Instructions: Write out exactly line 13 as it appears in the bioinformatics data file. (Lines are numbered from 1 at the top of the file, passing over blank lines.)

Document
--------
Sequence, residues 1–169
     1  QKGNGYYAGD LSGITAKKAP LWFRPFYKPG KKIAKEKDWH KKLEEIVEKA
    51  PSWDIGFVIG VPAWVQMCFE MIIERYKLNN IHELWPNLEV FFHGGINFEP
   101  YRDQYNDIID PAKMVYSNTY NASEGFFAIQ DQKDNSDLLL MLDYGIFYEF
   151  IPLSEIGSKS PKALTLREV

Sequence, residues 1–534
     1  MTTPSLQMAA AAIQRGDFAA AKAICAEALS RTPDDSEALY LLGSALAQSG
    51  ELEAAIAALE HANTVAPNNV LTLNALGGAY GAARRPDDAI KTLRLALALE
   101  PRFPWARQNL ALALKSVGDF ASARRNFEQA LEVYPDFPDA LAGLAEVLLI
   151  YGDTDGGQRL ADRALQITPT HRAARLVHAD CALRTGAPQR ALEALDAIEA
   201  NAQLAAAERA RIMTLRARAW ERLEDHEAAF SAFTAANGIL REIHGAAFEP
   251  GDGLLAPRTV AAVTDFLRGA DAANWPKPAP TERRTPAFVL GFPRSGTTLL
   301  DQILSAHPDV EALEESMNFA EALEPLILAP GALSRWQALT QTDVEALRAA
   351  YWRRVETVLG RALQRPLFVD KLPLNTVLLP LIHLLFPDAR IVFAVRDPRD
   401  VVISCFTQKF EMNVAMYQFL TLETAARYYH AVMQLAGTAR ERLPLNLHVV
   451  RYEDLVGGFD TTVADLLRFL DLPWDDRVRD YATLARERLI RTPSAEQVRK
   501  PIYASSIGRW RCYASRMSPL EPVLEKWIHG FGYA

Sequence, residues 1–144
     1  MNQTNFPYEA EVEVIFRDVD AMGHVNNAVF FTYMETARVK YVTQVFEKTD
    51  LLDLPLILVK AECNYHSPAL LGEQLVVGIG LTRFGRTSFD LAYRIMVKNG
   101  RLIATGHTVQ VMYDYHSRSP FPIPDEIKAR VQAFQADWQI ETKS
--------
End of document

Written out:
   301  DQILSAHPDV EALEESMNFA EALEPLILAP GALSRWQALT QTDVEALRAA